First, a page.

Mercy, a recent Columbia graduate without a safety net, is adrift, undone by a terrible incident in her recent past. Hilary, a lonely housewife, is haunted by her struggle to have a child, something she believes could save her foundering marriage. Meanwhile, Margaret, once a happily married mother of three, takes every opportunity to escape from her life in the wake of a shattering loss. Chapter by chapter, the novel draws the reader into their stories and gives us glimpses of expatriate life’s surprising contradictions in Hong Kong, where these women are both insiders and outsiders, incredibly privileged but deeply unsatisfied, and attempting, above all, to connect with others and regain a sense of self that has slipped away. As each woman struggles with her own demons, their lives collide in ways that have irreversible consequences for them all.
As the synopsis tells us this is a story of three dissimilar American women who live in the same small expat community in Hong Kong whose lives through unseen circumstances intertwine. Each woman telling her own story as she experiences it. The women explaining of the obstacles or pleasantries that are dictating their life as an expat. The author did a fascinating job of creating the deep inner feelings and the intimate personal lives of each woman. I found the expat life interesting yet bizarre for the families who are living in Hong Kong for jobs. Such as, you have a cook and housekeeper, and even a driver unlike your life back in the states. So as a housewife what is your new place in the home? Therefore, as the reader, you learn a great deal about the positives and negatives of Hong Kong. I did feel the story lagged at times and also thought that the ending is too abrupt. Whereas, it would have been more interesting for the women to have spent more time together. I found the book a likable read.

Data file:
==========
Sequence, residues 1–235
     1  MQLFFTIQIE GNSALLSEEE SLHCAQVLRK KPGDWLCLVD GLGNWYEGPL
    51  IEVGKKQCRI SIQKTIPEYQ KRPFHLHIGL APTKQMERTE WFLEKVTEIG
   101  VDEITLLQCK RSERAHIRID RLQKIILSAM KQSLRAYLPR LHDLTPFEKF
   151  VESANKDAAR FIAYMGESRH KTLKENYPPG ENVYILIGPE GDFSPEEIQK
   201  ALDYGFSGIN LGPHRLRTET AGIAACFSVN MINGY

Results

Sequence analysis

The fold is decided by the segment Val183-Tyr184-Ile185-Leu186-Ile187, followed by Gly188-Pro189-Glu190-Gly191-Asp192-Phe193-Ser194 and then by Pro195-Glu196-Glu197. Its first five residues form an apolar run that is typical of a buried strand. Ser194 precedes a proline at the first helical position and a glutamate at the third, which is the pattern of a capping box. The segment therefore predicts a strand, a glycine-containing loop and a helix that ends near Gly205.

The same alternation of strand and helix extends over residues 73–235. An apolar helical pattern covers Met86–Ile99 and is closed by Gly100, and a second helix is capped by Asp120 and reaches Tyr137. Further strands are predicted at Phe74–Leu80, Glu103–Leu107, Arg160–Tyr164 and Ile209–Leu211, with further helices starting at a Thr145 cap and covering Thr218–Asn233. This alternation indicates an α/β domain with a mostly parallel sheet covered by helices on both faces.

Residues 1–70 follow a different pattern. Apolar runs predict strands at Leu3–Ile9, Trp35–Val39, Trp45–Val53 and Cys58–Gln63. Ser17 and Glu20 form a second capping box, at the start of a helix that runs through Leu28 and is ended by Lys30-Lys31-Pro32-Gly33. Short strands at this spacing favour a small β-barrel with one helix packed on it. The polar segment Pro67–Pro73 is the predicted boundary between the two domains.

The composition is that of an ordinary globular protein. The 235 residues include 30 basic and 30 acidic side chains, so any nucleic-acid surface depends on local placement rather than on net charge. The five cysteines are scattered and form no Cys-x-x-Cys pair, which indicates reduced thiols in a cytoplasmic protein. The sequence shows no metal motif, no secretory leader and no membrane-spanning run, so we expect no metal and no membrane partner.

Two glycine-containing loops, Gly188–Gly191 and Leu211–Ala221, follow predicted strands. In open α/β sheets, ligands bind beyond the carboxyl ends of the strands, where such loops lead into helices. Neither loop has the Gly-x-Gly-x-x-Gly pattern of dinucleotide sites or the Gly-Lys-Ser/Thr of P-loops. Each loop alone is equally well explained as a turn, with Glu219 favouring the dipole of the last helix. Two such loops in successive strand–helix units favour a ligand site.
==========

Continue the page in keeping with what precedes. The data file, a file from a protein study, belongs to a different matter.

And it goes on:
This is the giveaway! A copy of the book, in a beautiful box with a magnetic closure!
Janice Lee was born in Hong Kong to Korean parents and lived there until she was fifteen, attending the international school. She then left for boarding school in New Hampshire, where she learned the true meaning of winter.
From there, she moved south to Cambridge, MA, where she spent four years at Harvard, developing a taste for excellent coffee, Au Bon Pain pastries, and staying up all night, sometimes indulging in all three at the same time. She also pleased her parents by meeting, on the very first day of school, the man who would become her husband.
After graduating with a degree in English and American Literature and Language, she relocated down to New York where she got her first post-college job fetching coffee as an assistant to the beauty editor at Elle magazine. After a few months booking massages learning about the cosmetics industry, she heard about a job in the features section and was able to switch departments and return to her true roots, being happily inundated with books on a daily basis.
She was about to graduate with no definite plans when she received a letter from Yaddo, the artists’ colony, saying that her application for a summer residency had been approved. She also found out she was pregnant with her first child.
At Yaddo, she started to organize her thoughts into what would become THE PIANO TEACHER. After she had her first child, she put away the book for a year, adjusting to her new life as a mother. Then she had another child and picked it up again. Then she moved to Hong Kong. When she found out she was pregnant with her third and fourth (twins!) she had all the incentive she needed to finish the book, seeing as how she might not have any time to do anything ever again. Five years after she started it, she had a good first draft and sold THE PIANO TEACHER two months before she gave birth to the twins. When she told her mother she had sold her first novel, her mother asked whether Janice's husband had been the buyer. Really.
"Thank you Penguin Books for letting me do this review & Giveaway"
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